First posted at Working America's Blog
Some help available for those on the edge of eviction. From the NY TImes
He could no longer pay even the rent on his cramped studio apartment — not on his $10-an-hour part-time job as a fry cook at a fast food restaurant.
Faced with eviction, he was staring last month at the imminent prospect of joining the teeming ranks of the homeless. His last hope was a new $1.5 billion federal program aimed at preventing that fate.
Much like the Great Depression, when millions of previously working people came to rely on a new social safety net for their sustenance, a swelling group of formerly middle-class Americans like Mr. Moore, 30, is seeking government aid for the first time. Without help, say economists, many are at risk of slipping permanently into poverty, even as economic conditions improve.
The question is whether the modern-day safety net has enough money and the right initiatives to aid those who need it most. The answer could shape whether a considerable slice of the American population will recover from the trauma of recent years, and how long that will take.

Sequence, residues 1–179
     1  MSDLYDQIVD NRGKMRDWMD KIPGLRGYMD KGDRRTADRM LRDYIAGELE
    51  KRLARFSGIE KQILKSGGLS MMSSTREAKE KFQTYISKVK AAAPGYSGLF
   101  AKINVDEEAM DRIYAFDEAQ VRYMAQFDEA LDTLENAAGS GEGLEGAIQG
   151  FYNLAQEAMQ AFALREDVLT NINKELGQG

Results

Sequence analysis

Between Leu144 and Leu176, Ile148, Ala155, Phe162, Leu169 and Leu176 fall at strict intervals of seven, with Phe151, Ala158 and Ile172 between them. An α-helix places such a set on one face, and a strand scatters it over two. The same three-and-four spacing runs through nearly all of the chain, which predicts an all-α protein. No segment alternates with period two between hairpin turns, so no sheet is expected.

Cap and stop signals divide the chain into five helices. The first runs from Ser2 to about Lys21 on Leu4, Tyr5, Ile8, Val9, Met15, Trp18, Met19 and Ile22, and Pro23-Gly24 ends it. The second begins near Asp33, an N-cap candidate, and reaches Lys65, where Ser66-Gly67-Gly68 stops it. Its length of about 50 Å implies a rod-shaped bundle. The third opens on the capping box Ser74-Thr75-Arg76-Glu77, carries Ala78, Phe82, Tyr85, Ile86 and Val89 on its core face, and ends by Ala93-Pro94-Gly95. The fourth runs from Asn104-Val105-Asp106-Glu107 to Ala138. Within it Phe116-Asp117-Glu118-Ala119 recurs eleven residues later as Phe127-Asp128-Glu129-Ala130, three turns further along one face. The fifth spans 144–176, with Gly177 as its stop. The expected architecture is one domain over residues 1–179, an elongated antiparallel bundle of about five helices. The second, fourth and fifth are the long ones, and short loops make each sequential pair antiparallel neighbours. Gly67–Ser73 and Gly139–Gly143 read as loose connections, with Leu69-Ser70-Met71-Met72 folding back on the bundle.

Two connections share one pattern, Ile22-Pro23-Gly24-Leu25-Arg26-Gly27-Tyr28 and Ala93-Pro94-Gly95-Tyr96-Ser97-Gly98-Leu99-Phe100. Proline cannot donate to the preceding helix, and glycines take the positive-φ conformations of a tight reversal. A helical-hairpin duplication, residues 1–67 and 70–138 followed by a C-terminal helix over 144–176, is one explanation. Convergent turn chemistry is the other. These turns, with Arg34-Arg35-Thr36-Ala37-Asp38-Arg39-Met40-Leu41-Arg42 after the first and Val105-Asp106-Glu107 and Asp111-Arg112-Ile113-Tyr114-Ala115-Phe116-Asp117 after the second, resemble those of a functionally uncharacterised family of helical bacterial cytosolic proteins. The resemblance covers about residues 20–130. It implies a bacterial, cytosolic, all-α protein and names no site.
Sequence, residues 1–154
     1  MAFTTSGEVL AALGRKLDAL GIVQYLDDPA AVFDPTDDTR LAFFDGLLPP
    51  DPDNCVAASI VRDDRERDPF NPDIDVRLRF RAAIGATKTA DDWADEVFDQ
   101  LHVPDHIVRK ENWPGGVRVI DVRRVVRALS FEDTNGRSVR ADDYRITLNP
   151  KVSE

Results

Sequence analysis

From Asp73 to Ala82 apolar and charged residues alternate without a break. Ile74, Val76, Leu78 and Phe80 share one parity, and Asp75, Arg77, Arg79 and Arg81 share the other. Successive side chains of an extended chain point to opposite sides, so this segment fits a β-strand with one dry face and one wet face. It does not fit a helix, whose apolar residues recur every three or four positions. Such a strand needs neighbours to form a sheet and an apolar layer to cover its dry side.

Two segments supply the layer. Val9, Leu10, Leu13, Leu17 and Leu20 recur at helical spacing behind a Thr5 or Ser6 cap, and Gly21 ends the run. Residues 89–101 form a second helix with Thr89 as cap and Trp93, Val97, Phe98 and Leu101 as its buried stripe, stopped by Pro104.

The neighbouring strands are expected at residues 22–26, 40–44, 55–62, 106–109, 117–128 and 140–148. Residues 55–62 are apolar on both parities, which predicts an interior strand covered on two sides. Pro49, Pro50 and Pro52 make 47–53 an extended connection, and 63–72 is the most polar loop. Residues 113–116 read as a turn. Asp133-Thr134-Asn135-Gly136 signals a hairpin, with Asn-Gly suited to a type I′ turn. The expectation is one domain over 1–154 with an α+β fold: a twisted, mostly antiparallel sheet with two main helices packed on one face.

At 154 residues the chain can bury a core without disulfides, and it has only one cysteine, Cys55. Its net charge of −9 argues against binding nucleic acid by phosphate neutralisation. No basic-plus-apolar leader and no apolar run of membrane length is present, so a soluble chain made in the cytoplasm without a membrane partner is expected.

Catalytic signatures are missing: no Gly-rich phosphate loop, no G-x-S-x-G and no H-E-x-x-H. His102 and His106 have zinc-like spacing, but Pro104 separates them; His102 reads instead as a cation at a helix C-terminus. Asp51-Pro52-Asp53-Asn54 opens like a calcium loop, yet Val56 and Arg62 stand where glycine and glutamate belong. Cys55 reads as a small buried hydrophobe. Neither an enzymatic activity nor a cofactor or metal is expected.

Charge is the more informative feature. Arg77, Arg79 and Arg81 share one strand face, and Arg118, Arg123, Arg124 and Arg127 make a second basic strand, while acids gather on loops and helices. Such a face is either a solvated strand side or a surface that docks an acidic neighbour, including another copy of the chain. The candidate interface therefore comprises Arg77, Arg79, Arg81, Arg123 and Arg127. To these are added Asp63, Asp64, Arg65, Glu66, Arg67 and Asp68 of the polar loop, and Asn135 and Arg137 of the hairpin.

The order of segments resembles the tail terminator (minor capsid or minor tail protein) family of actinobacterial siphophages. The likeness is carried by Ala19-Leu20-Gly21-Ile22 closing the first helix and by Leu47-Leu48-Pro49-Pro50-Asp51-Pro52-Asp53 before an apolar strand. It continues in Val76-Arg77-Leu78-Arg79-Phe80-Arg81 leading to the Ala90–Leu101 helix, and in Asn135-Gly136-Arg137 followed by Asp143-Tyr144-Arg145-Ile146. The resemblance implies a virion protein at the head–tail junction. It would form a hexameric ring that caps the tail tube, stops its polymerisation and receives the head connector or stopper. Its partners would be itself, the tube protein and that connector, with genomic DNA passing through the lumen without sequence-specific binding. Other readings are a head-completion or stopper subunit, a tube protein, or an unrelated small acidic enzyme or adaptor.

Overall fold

“Nationally, homelessness has now reached crisis proportions not seen since the Great Depression,” says Maria Foscarinis, executive director of the National Law Center on Homelessness and Poverty.
The severity of the situation prompted the Obama administration to create the Homelessness Prevention and Rapid Re-Housing program within the $787 billion economic stimulus package. The program rests on the assumption that intervention is the best course because once people become homeless, the odds and costs of regaining their lives escalate sharply.
One of the goals of this program is to help prevent even more people from losing their housing. The US has a higher level of homelessness right now than we had during the Great Depression. The funds are administered federally through the HUD program, but each state seems to have a different system for distributing funds. Every state has a housing authority, and their websites are the best way to find out how the program works in your state.